In today's lesson, the students learn how to find the value of a variable.
I have the Teaching Tool - Multiplication and Division Equations.pptx displayed on the Smartboard. The students sare sitting at their desks with paper and pencil. I ask the students to write R÷3 = 9 on their papers. I let the students know that this is an equation with a variable. The variable represents the missing number. When we have an equation with a missing number, we can use the inverse operation to solve the equation. I ask, "What is the inverse of division?" Student response: multiplication.
I let the students know that in order to get "R" on the side by itself, I need to multiply both sides by 3. This cancels out the "divided by 3" and "R" is left. Now, we have R = 9 x 3. "What is 9 x 3?" The students know that the product is 27. Therefore, our answer is R = 27. To check to make sure our answer is correct, we put the answer in the equation. The answer checks out correctly.
Let's try another one. I ask the students to write, S x 4 = 28. I explain to the students that because this is a multiplication problem, we should use division to get the variable on the side by itself. We must divide 28 by 4. I remind the students that multiplication helps us with division. What can we multiply 4 times to get 28. The students all know that 4 x 7 = 28. Therefore, S = 7. We check our answer by replacing the variable with 7. The new equation is 7 x 4 = 28. This answer checks out correctly.
I give the students practice on this skill by letting them work together. I find that collaborative learning is vital to the success of students. Students learn from each other by justifying their answers and critiquing the reasoning of others.
For this activity, I put the students in pairs. I give each group an Multiplication and Division Equations.docx and multiplication chart. The students must work together to find the value of the variable. They must communicate precisely to others within their groups. They must use clear definitions and terminology as they precisely discuss this problem.
The students are guided to the conceptual understanding through questioning by their classmates, as well as by me. The students communicate with each other and must agree upon the answer to the problem. Because the students must agree upon the answer, this will take discussion, critiquing, and justifying of answers by both students. As the pairs discuss the problem, they must be precise in their communication within their groups using the appropriate math terminology for this skill (MP6). As I walk around, I am listening for the students to use "talk" that will lead to the answer. I am holding the students accountable for their own learning.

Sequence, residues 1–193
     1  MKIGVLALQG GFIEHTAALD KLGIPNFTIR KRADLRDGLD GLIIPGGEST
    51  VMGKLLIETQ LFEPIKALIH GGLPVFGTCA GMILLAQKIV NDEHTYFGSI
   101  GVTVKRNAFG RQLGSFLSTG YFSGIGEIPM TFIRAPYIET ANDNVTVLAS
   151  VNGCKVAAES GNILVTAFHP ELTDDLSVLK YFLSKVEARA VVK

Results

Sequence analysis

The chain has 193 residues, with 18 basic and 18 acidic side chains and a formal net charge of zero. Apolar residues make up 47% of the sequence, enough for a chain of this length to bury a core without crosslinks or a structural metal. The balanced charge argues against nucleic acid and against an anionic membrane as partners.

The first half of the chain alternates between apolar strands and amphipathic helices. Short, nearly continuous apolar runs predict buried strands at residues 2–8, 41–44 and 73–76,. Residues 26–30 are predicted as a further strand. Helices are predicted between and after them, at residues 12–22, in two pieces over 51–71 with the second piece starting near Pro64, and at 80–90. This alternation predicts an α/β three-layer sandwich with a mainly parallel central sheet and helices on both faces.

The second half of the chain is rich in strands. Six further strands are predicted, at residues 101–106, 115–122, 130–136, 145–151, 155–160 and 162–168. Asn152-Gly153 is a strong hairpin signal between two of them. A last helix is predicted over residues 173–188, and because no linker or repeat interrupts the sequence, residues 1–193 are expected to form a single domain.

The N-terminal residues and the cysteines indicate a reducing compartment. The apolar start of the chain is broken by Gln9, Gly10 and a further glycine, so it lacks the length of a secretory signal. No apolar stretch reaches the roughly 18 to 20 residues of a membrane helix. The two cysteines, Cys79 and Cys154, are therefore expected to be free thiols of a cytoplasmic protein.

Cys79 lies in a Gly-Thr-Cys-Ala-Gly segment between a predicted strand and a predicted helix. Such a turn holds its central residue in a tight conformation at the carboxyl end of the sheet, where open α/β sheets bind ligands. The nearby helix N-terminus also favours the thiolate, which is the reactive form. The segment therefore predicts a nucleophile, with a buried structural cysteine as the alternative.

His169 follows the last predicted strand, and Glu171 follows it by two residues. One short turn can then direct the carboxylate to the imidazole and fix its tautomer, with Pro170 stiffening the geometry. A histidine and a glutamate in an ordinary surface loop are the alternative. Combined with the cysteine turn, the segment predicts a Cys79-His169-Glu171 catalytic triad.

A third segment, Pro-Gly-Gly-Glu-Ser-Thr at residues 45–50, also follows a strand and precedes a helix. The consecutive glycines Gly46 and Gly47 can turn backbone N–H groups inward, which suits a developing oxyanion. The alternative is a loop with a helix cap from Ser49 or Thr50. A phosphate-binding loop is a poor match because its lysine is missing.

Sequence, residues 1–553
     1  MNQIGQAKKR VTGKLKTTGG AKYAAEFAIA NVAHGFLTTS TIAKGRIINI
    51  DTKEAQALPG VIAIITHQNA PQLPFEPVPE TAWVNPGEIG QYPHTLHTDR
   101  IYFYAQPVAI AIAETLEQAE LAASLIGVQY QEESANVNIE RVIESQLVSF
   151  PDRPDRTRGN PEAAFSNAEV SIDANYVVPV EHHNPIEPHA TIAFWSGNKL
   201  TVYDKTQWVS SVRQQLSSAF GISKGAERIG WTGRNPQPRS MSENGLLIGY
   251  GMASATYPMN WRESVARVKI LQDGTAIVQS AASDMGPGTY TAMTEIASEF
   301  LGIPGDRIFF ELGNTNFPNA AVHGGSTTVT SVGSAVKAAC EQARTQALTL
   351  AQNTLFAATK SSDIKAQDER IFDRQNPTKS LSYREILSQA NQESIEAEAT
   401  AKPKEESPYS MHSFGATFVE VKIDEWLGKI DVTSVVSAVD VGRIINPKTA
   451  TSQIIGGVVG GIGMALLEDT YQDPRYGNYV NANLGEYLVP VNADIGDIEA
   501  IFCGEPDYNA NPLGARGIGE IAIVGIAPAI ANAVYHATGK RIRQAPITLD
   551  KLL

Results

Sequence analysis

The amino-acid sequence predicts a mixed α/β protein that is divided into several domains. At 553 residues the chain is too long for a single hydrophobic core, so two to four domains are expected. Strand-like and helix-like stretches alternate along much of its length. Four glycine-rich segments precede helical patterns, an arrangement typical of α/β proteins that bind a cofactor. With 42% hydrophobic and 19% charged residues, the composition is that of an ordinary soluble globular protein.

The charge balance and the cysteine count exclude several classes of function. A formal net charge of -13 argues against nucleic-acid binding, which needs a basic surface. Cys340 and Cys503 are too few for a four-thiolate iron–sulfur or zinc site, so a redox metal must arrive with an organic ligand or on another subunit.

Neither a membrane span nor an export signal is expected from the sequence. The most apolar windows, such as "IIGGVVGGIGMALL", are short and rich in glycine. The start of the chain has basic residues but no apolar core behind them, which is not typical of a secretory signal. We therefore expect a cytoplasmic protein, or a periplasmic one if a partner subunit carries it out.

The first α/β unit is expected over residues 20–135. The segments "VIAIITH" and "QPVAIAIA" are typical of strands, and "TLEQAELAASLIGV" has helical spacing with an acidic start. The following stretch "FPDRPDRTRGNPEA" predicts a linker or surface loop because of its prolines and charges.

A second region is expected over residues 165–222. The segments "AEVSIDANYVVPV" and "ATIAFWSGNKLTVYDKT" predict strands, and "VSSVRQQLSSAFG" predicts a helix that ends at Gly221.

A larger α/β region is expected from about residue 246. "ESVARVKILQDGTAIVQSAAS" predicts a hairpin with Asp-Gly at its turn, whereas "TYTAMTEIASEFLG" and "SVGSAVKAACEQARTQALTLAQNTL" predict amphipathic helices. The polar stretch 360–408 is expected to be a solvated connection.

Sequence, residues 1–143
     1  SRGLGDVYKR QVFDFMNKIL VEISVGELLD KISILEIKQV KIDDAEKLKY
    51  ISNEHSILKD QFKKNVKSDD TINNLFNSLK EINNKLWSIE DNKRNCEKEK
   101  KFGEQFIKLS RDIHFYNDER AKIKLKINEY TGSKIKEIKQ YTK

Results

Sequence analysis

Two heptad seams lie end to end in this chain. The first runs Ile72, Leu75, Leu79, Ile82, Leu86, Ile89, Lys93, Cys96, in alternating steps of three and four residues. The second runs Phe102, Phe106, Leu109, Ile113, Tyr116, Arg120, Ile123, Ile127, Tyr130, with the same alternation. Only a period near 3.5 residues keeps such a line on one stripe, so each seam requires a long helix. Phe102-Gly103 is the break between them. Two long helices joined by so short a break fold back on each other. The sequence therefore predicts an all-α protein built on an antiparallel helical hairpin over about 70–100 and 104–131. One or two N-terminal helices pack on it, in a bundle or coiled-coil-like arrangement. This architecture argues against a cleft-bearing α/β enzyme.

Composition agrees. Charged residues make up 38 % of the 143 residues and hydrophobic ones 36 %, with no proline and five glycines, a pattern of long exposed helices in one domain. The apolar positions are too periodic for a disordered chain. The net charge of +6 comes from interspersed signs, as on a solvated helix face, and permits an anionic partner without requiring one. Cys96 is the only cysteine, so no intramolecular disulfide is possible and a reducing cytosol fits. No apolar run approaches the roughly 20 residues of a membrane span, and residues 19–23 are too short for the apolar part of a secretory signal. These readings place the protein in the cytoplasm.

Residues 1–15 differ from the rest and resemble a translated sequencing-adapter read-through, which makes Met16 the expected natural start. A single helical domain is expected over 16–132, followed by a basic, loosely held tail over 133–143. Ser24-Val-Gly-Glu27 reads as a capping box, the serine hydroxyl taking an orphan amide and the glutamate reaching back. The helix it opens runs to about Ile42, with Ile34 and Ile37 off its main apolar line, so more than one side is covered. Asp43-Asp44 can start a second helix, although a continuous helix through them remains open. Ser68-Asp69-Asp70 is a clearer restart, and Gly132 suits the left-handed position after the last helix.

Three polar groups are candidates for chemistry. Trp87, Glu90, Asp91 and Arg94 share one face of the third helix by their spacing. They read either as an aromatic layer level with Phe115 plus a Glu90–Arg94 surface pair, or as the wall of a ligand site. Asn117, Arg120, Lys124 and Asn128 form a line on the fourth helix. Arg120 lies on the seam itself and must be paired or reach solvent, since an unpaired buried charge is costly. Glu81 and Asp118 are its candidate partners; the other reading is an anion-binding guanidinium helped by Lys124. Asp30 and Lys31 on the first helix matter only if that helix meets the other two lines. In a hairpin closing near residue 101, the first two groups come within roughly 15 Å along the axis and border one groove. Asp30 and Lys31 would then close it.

As they work, I monitor and assess their progression of understanding through questioning.
1. What is the variable in this equation?
2. What is the inverse operation for this problem?
3. When you check your answer, is the equation true?
Early Finishers: Practice the skill at the following website: http://www.math-play.com/One-Step-Equation-Game.html
To close the lesson, I call on different pairs of students to share their answers. The students must explain why they worked the problem in the order that they did (Video - Multiplication and Division Equations). This gives those students who still do not understand another opportunity to learn it. I like to use my document camera to show the students' work during this time. Some students do not understand what is being said, but understand clearly when the work is put up for them to see.
I feel that by closing each of my lessons by having students share their work is very important to the success of the lesson. Students need to see good work samples (Student Work - Multiplication and Division Equations and Student Work - Multiplication and Division Equations), as well as work that may have incorrect information. More than one student may have had the same misconception. During the closing of the lesson, all misconceptions that were spotted during the group activity will be addressed whole class.